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Tackling cyber security

02 February, 2017

With a number of high profile hacks to manufacturing and processing businesses, and with widely reported vulnerabilities discovered in known-brand industrial controllers, it has become increasingly clear that the fully networked production environments and connected machinery that will be a dominant feature of the smart factory of the future are all too vulnerable to cyber-attack, and therefore attractive to hackers. Smart Machines & Factories reports.

The road map from the isolated control systems of the past to the interconnectivity and integrated processes that will define the smart factory and Industry 4.0 systems of the future opens up a host of opportunities for improved productivity, greater flexibility and ultimately increased profitability. But at the same time the growing reliance on networked technologies, cloud-based data storage and remote systems access open up businesses to whole new levels of security threats.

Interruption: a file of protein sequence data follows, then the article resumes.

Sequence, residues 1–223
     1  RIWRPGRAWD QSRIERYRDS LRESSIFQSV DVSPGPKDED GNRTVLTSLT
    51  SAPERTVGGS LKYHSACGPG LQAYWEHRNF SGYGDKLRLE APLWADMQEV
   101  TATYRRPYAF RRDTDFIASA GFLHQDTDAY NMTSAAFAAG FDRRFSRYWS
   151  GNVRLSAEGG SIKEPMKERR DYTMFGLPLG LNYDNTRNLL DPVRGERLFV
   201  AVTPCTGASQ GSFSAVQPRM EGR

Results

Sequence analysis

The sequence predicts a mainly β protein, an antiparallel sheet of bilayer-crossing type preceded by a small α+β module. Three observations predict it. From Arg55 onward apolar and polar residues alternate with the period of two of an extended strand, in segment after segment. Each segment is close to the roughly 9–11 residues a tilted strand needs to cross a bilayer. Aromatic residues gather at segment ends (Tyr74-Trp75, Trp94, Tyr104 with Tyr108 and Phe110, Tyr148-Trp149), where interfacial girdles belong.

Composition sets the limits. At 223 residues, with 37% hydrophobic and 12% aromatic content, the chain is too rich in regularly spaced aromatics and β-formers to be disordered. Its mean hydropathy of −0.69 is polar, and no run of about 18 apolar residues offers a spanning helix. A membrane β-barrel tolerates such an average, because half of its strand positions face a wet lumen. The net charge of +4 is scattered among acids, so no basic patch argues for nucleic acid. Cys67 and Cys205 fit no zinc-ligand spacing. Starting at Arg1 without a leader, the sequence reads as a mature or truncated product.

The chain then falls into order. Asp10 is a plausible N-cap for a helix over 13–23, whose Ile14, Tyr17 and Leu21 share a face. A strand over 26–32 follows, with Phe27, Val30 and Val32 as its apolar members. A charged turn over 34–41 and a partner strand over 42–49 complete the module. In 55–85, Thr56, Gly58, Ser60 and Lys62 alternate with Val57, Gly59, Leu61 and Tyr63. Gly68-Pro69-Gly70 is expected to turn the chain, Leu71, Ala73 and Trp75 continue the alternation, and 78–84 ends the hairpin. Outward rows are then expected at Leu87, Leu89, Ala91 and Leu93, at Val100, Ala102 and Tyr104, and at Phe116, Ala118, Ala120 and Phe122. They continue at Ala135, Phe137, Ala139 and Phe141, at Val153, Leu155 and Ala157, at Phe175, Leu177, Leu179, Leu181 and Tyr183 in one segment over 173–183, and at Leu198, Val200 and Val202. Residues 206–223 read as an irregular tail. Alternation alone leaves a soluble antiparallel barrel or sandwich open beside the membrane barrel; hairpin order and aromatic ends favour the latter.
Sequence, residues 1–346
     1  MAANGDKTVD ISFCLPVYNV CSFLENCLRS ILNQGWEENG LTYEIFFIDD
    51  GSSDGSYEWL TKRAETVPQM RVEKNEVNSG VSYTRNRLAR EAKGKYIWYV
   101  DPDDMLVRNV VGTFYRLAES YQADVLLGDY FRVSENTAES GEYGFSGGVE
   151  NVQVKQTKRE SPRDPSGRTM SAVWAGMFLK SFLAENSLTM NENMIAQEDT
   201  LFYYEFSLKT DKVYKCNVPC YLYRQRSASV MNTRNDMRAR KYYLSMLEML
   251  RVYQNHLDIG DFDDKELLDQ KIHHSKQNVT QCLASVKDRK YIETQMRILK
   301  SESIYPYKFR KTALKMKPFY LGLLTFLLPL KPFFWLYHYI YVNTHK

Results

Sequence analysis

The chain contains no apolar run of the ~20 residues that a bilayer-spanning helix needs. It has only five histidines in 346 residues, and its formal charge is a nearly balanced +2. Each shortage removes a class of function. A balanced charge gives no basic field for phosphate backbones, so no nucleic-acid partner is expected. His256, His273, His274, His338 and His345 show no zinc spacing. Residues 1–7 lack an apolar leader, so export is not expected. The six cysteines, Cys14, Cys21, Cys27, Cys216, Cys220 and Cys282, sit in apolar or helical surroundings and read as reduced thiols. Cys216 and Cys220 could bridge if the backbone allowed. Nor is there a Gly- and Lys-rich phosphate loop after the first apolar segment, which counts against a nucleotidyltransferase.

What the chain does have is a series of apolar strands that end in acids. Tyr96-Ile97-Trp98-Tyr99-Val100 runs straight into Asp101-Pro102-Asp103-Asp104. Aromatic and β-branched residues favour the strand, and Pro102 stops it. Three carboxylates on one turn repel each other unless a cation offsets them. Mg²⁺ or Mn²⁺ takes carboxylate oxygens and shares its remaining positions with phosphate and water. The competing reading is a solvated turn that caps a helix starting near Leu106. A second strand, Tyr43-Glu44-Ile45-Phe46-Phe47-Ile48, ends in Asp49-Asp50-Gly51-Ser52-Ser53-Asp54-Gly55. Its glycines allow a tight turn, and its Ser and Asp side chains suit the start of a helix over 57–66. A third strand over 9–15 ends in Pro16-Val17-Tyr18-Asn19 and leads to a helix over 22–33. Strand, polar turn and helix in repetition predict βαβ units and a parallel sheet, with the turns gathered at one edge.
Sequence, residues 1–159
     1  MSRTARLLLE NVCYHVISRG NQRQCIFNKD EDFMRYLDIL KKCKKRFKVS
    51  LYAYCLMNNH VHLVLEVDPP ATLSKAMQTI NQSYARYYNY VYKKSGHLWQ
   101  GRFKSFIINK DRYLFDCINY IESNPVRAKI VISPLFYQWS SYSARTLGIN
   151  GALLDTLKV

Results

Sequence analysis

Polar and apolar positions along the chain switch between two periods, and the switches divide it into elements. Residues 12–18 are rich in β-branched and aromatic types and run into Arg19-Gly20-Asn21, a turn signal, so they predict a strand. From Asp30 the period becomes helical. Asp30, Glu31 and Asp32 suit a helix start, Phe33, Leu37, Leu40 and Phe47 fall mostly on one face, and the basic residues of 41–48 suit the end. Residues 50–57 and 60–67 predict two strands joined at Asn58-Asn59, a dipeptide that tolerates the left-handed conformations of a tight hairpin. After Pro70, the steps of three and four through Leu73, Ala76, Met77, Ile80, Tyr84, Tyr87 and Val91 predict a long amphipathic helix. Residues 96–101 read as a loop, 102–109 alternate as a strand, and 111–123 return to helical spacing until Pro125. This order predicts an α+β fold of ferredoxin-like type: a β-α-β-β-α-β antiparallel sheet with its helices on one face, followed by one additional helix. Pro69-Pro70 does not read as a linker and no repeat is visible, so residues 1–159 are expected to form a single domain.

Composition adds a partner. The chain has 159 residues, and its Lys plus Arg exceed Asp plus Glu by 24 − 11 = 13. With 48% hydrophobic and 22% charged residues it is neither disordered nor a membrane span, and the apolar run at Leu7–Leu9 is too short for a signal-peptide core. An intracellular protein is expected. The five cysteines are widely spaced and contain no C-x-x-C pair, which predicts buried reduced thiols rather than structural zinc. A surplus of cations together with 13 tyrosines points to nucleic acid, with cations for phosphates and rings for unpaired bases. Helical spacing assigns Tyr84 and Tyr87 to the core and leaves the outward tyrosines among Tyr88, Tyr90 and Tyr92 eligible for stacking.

With standalone, isolated control architectures, points of access were finite and the risk of outside attack minimal. That’s not to say operational technology (OT) was a no-risk environment, but certainly it was a low-risk environment, with an ‘attack’ on the control system much more likely to be a well-intentioned technician trying to tweak some control software and making a critical error.

Today we are moving towards control systems where the operational technology is directly connected to the IT environment, with increased data flow – and access to that data – throughout an enterprise hierarchy and beyond into the outside world. And as we march towards the paradigm of Industry 4.0, and architecture complexity increases exponentially, there is the potential for every point on the network to be vulnerable to attack.